That this garden, its trees, and fountain with four streams, were never intended to be otherwise than allegorically understood, the very names themselves undoubtedly imply. What is a Tree of Life ? The book of Proverbs answers. Wisdom is a Tree of Life. And may we not ask the firmest adherent of the letter of the Scriptures only, did you ever find life growing on any earthly tree ? Has life more than one source, and do we not regard this to be Him who is the Life ? Do we not find this same tree declared in the book of Revelations to be in the midst of heaven ? " To him that overcometh," it is said, " I will give to eat of the tree of life that is in the midst of the paradise of God.'' — Rev. ii. 7. But can any rational mind suppose that an earthly tree has been transplanted to a spiritual and heavenly world? The idea is obviously unworthy of being rationally entertained. Again, we find the tree of life in the midst of the New Jerusalem, and on both sides of the river. " In the midst of the street of it, and on either side of the river, was there the tree of life, which bare twelve manner of fruits, and yielded her fruit every month: and the leaves of the tree were for the healing of the nations." — Rev. xxii. 2. Is this at all compatible with the idea of a literal tree. Assuredly not. But when on the other hand we reflect that from the one source of life, the LORD, there descend two grand influences — Love and Wisdom — in the  most intimate union; and these form the inmost powers of light and blessing to the regenerated soul — the soul in a state of paradise, then we recognize the tree of two lives in the ancient garden of Eden. We say the tree of two lives, for the word rendered life, hachayim, is in the dual, not in the singular, nor in the general plural, in the account of this tree in our text. The holy influence of the Lord, in its twofold character of love and light within, is the tree of lives. This is in the midst of the garden of the soul. This is the source of the joys of the angels. This is the centre, and pervades all the principles of the New Church called the New Jerusalem. The virtues it inspires in all the varying states of man's regeneration — as his faith waxes and wanes, and thus his spiritual months go on — are the twelve manner of fruits it bears. On its holy branches grow acts of patience for seasons of affliction, of gratitude for those of prosperity, of trust and fortitude in the storms of life, of benevolence, charity, and justice in our daily walk, and of hope, ever speaking of better things, like an inward gem glittering in all the golden fruit of this divine tree. Its leaves are the truths, which are for the healing of the nations.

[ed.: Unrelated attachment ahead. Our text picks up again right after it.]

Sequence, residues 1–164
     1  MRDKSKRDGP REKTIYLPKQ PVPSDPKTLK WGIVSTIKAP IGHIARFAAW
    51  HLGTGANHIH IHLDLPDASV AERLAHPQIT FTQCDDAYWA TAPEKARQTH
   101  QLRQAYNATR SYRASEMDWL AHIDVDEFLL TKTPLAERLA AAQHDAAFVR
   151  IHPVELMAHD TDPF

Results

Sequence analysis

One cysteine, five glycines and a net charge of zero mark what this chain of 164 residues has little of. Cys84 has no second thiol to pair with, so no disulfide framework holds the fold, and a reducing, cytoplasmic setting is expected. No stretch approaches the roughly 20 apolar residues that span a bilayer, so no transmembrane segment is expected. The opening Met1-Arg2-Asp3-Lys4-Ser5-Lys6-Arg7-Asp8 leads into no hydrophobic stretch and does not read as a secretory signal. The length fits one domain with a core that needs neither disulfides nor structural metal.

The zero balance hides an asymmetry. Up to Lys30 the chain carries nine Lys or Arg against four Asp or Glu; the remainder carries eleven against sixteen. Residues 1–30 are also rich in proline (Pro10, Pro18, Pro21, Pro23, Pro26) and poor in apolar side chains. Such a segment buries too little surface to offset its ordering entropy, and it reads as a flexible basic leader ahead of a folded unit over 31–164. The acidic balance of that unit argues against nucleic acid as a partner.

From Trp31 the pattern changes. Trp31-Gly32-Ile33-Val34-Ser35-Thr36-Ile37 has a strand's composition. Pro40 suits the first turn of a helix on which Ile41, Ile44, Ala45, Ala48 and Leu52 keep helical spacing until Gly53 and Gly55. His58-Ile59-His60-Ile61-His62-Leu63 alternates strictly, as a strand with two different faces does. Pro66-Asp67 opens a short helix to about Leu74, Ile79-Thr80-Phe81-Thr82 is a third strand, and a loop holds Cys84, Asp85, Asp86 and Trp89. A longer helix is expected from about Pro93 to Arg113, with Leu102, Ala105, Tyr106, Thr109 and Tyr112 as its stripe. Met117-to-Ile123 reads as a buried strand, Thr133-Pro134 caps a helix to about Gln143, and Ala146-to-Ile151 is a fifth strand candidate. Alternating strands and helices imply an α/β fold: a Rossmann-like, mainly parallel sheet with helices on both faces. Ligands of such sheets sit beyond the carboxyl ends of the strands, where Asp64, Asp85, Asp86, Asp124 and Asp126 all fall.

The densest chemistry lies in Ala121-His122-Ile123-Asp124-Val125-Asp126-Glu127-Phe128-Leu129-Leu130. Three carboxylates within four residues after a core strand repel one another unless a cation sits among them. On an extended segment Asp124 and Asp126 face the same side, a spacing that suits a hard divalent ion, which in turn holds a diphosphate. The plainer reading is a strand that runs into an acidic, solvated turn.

The tree of knowledge of good and evil, is equally indicative of a spiritual existence, not of a natural plant. For on what tree does knowledge grow, save on the human mind? The idle fancy that this tree was an apple tree, cannot he called a thought, it is a fancy having no rational ground. Can knowledge be cut from an apple, or squeezed from a fig? We find knowledge grows only as we exercise the desire to know. The knowledge of external things may well be called the knowledge of good and evil, for it is the knowledge of the results of order and disorder, of fitness and unfitness, of truths and appearances. It is an acquaintance with the outsides of things. This knowledge is useful for earthly purposes, but is not the real truth. It is a tree that has its uses in the garden, but its fruit is not to be eaten. Our own sensations give us a knowledge of ourselves, but that knowledge is full of fallacy, and needs the constant correction of a higher wisdom. We feel as if our life were our own. We are conscious of no origin of life out of ourselves. We feel that we exist, but we do not feel the stream of life from which our existence is momentarily maintained. Judging from our own sensations, we are self-existent. This, however, is an appearance, which we must beware of confirming. Let the tree grow for its own purposes, but do not eat the fruit. It is essential to our self-consciousness, and all our individual enjoyment of life and sensation, that we should seem to live as if of ourselves. Without that, we should have no sense of responsibility, no choice, no self-cultivation, no moral defined being, no individual delight or progression. Divine Love has given us this sensation of distinct consciousness of life, that we may taste the sweetness of all our blessings, as if they were entirely our own. " Verily, He is a God that hides Himself." But the more we feel as if the life and the blessings we enjoy are our own, the more should we learn from revelation, and the more should we adoringly confess that "every good and perfect gift comes down from the Father of Lights." Our own knowledge is good to know and to use, but not to eat, or to confirm, and make part of ourselves. The perceptions of heavenly wisdom are the other trees of the garden; and of these we may finely eat — they are in accordance with eternal truth. But, of the tree of our own self-perceived knowledge, we may not eat, for in the day, or state, in which we eat of it, we enter upon the path of error, of self-will, of carnal-mindedness, of spiritual death: " For to be carnally minded is death ; to be spiritually minded is life and peace." — Rom. viii. 6.